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Binomial mitotic segregation of MYCN-carrying double minutes in neuroblastoma illustrates the role of randomness in oncogene amplification.

Lundberg, Gisela LU ; Rosengren, Anders LU ; Håkanson, Ulf LU ; Stewenius, Henrik LU ; Jin, Yuesheng LU ; Stewénius, Ylva LU ; Påhlman, Sven LU and Gisselsson Nord, David LU (2008) In PLoS One 3(8).
Abstract
BACKGROUND: Amplification of the oncogene MYCN in double minutes (DMs) is a common finding in neuroblastoma (NB). Because DMs lack centromeric sequences it has been unclear how NB cells retain and amplify extrachromosomal MYCN copies during tumour development. PRINCIPAL FINDINGS: We show that MYCN-carrying DMs in NB cells translocate from the nuclear interior to the periphery of the condensing chromatin at transition from interphase to prophase and are preferentially located adjacent to the telomere repeat sequences of the chromosomes throughout cell division. However, DM segregation was not affected by disruption of the telosome nucleoprotein complex and DMs readily migrated from human to murine chromatin in human/mouse cell hybrids,... (More)
BACKGROUND: Amplification of the oncogene MYCN in double minutes (DMs) is a common finding in neuroblastoma (NB). Because DMs lack centromeric sequences it has been unclear how NB cells retain and amplify extrachromosomal MYCN copies during tumour development. PRINCIPAL FINDINGS: We show that MYCN-carrying DMs in NB cells translocate from the nuclear interior to the periphery of the condensing chromatin at transition from interphase to prophase and are preferentially located adjacent to the telomere repeat sequences of the chromosomes throughout cell division. However, DM segregation was not affected by disruption of the telosome nucleoprotein complex and DMs readily migrated from human to murine chromatin in human/mouse cell hybrids, indicating that they do not bind to specific positional elements in human chromosomes. Scoring DM copy-numbers in ana/telophase cells revealed that DM segregation could be closely approximated by a binomial random distribution. Colony-forming assay demonstrated a strong growth-advantage for NB cells with high DM (MYCN) copy-numbers, compared to NB cells with lower copy-numbers. In fact, the overall distribution of DMs in growing NB cell populations could be readily reproduced by a mathematical model assuming binomial segregation at cell division combined with a proliferative advantage for cells with high DM copy-numbers. CONCLUSION: Binomial segregation at cell division explains the high degree of MYCN copy-number variability in NB. Our findings also provide a proof-of-principle for oncogene amplification through creation of genetic diversity by random events followed by Darwinian selection. (Less)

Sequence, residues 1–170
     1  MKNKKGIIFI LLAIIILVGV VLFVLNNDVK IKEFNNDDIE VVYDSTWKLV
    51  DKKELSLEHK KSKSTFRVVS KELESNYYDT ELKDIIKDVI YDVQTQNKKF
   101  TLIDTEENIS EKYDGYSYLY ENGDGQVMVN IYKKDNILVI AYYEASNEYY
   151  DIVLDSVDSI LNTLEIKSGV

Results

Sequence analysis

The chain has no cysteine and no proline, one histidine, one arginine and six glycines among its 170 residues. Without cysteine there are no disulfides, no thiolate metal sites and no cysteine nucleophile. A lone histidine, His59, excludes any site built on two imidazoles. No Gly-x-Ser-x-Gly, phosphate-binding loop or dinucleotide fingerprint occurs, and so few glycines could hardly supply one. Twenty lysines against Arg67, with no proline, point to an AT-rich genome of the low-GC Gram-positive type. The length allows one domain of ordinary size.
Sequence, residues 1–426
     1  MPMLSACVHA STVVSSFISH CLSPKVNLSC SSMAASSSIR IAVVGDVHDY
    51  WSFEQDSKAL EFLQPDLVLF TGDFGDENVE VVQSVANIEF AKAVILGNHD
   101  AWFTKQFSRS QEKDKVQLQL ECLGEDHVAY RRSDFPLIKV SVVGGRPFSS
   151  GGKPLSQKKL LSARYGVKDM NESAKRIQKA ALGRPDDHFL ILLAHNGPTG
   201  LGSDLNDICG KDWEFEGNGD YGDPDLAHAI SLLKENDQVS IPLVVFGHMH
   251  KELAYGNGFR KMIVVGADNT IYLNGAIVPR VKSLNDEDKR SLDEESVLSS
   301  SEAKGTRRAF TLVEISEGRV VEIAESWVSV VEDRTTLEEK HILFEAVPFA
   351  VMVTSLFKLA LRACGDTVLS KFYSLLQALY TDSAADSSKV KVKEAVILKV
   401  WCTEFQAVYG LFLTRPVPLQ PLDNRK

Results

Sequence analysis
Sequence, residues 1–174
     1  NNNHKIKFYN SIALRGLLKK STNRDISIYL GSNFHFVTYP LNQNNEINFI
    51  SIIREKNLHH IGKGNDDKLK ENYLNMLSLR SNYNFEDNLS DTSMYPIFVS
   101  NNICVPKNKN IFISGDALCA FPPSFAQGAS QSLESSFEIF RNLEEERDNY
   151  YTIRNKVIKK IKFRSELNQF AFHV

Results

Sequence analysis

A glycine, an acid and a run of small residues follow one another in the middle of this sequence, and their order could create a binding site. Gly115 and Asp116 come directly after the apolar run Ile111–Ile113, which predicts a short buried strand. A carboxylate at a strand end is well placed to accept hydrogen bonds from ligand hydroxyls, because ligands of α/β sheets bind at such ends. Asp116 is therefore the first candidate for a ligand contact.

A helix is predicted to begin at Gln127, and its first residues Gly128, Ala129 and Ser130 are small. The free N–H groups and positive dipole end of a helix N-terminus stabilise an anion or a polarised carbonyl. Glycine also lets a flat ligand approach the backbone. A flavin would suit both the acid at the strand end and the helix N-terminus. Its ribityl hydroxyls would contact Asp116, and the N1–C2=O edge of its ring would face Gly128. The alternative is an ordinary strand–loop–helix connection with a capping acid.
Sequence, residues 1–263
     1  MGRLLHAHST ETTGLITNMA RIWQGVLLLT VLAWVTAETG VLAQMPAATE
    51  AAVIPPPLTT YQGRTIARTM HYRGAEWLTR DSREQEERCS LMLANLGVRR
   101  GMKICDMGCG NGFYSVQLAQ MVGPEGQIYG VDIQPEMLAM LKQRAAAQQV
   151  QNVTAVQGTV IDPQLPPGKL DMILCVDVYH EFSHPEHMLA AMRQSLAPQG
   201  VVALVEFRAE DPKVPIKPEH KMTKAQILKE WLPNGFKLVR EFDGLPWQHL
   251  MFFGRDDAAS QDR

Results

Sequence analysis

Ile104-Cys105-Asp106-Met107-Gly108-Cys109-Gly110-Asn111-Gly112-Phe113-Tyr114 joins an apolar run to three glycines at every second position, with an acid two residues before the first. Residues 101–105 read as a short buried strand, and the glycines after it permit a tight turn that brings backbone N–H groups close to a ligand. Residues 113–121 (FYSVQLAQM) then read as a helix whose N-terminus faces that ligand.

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author
organization
publishing date
type
Contribution to journal
publication status
published
subject
in
PLoS One
volume
3
issue
8
publisher
Public Library of Science
external identifiers
  • WOS:000264796800006
  • PMID:18769732
  • Scopus:51849083862
ISSN
1932-6203
DOI
10.1371/journal.pone.0003099
language
English
LU publication?
yes
id
a79126ce-8c3f-4240-92bc-4c1d5c93f29b (old id 1243390)
alternative location
http://www.ncbi.nlm.nih.gov/pubmed/18769732?dopt=Abstract
date added to LUP
2008-10-03 15:53:22
date last changed
2016-10-13 04:30:09
@misc{a79126ce-8c3f-4240-92bc-4c1d5c93f29b,
  abstract     = {BACKGROUND: Amplification of the oncogene MYCN in double minutes (DMs) is a common finding in neuroblastoma (NB). Because DMs lack centromeric sequences it has been unclear how NB cells retain and amplify extrachromosomal MYCN copies during tumour development. PRINCIPAL FINDINGS: We show that MYCN-carrying DMs in NB cells translocate from the nuclear interior to the periphery of the condensing chromatin at transition from interphase to prophase and are preferentially located adjacent to the telomere repeat sequences of the chromosomes throughout cell division. However, DM segregation was not affected by disruption of the telosome nucleoprotein complex and DMs readily migrated from human to murine chromatin in human/mouse cell hybrids, indicating that they do not bind to specific positional elements in human chromosomes. Scoring DM copy-numbers in ana/telophase cells revealed that DM segregation could be closely approximated by a binomial random distribution. Colony-forming assay demonstrated a strong growth-advantage for NB cells with high DM (MYCN) copy-numbers, compared to NB cells with lower copy-numbers. In fact, the overall distribution of DMs in growing NB cell populations could be readily reproduced by a mathematical model assuming binomial segregation at cell division combined with a proliferative advantage for cells with high DM copy-numbers. CONCLUSION: Binomial segregation at cell division explains the high degree of MYCN copy-number variability in NB. Our findings also provide a proof-of-principle for oncogene amplification through creation of genetic diversity by random events followed by Darwinian selection.},
  author       = {Lundberg, Gisela and Rosengren, Anders and Håkanson, Ulf and Stewenius, Henrik and Jin, Yuesheng and Stewénius, Ylva and Påhlman, Sven and Gisselsson Nord, David},
  issn         = {1932-6203},
  language     = {eng},
  number       = {8},
  publisher    = {ARRAY(0xaab1e70)},
  series       = {PLoS One},
  title        = {Binomial mitotic segregation of MYCN-carrying double minutes in neuroblastoma illustrates the role of randomness in oncogene amplification.},
  url          = {http://dx.doi.org/10.1371/journal.pone.0003099},
  volume       = {3},
  year         = {2008},
}